If after a few years the locking nut is a bit stubborn, there are flats for an 11mm spanner to aid removal.
You may have noticed that the dust caps differ from each other slightly. This is because one doubles as a valve core remover (as seen on the the very similar Muc-Off Tubless valves), while the other doubles a spoke key. It's 3.4mm key but, although that's a common size, it's still worth checking it fits before you need it; Shimano and Campagnolo wheels usually use larger nipples, for instance, which will make this feature redundant.
Many tubeless valves come with a range of rubber bungs to fit different rim shapes, but to be honest I always find the regular cone-shaped ones (as found here) work fine anyway. As you'd hope and expect from any tubeless valve these are airtight, and I experienced no sealing issues... then again, I've used plenty of cheaper ones and had no issues then either.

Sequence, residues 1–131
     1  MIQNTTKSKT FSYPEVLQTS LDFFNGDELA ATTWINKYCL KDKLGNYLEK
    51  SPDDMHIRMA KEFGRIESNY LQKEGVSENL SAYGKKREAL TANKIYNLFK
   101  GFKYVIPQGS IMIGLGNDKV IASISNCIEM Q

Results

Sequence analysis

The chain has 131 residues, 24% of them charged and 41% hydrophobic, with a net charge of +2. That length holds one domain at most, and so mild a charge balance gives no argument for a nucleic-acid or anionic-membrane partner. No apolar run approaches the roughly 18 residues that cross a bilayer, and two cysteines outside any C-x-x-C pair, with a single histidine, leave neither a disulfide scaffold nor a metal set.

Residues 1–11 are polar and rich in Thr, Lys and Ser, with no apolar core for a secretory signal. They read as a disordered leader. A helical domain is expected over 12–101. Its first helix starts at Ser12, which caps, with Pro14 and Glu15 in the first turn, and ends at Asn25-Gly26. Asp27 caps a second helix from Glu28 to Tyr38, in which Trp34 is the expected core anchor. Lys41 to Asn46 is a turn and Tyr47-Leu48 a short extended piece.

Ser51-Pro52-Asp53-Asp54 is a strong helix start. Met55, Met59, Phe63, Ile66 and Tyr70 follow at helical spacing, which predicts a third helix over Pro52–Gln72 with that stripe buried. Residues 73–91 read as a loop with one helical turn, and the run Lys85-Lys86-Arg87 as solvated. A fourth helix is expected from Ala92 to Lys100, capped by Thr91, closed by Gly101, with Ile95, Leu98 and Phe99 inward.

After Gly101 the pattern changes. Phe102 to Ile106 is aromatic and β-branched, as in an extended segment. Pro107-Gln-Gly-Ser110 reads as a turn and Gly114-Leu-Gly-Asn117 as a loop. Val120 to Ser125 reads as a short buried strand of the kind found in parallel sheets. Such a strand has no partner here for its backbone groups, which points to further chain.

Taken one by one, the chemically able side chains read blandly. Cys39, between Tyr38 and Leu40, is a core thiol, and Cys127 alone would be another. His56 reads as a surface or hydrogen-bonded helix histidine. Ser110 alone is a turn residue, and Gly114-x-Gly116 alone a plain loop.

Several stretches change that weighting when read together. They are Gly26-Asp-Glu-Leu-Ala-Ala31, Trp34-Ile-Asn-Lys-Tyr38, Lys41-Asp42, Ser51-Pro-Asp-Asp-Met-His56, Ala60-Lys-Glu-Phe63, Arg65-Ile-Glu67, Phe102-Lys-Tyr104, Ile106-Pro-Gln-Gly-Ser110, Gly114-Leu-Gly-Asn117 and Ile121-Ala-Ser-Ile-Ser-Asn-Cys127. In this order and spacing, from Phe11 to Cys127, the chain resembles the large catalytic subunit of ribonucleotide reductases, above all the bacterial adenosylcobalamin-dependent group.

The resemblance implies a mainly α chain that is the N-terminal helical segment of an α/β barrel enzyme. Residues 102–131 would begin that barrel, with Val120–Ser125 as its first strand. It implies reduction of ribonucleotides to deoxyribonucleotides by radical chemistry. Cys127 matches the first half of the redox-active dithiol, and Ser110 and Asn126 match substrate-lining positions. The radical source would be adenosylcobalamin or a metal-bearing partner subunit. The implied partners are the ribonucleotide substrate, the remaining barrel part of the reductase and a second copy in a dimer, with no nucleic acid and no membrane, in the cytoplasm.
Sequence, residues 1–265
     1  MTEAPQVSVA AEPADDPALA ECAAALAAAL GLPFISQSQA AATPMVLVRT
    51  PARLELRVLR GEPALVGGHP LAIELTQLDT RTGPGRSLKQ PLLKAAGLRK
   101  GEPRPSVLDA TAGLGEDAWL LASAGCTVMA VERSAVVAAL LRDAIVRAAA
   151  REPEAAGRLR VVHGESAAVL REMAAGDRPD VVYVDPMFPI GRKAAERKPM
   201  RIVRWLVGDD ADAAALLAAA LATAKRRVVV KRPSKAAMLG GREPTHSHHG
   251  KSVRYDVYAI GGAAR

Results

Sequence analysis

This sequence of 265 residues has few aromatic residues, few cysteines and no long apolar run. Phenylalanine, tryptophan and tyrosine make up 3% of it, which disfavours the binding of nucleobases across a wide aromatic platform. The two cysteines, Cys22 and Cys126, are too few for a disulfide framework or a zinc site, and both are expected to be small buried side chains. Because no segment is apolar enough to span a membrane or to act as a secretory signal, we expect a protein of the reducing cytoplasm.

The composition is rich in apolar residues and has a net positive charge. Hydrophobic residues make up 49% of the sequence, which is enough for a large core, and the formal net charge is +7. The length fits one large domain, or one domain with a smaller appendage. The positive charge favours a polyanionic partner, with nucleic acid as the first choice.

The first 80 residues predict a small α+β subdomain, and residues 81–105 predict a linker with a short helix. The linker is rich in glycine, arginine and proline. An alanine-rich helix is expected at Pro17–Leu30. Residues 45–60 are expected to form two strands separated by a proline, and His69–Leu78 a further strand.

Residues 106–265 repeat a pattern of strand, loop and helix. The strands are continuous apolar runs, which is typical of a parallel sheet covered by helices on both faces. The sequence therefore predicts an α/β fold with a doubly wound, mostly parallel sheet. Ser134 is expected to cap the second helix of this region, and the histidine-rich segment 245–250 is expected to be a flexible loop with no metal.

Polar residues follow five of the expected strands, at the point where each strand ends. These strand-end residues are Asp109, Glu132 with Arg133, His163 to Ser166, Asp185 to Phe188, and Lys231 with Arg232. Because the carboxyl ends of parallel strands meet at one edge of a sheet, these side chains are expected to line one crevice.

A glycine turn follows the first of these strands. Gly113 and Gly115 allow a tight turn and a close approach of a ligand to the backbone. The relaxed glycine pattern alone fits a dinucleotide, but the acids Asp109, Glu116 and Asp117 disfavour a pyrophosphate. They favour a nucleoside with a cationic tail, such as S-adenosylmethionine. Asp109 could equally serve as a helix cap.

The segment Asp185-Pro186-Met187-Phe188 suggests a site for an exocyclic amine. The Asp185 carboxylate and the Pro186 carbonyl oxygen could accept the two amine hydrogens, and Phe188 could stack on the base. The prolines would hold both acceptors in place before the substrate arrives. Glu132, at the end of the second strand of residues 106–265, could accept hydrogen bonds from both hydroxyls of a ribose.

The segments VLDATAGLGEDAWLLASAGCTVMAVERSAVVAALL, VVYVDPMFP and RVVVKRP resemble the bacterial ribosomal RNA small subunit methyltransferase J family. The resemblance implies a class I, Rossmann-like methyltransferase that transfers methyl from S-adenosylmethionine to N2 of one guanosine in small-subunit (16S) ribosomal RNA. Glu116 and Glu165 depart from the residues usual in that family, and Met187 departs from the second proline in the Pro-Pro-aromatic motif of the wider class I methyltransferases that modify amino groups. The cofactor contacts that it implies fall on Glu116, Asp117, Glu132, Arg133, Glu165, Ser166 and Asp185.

£28.99 is a lot for a pair of valves (£26.99 for the two shorter options), but these still aren't the most expensive we've seen: the Velochampion 3-1 Presta valves are £29.90 – a full 5p cheaper than when we tested them! – but offer no extra quality or functionality.
It's slightly more than the latest Muc-Off Tubeless Valves V2 at £24.99 though, and those are now also 7075 alloy, are also insert-friendly and come in almost as many colours (10). Unless you already own something Chris King and want a perfect match – or simply want the extra cachet – it's hard to think why you'd spend the extra cash.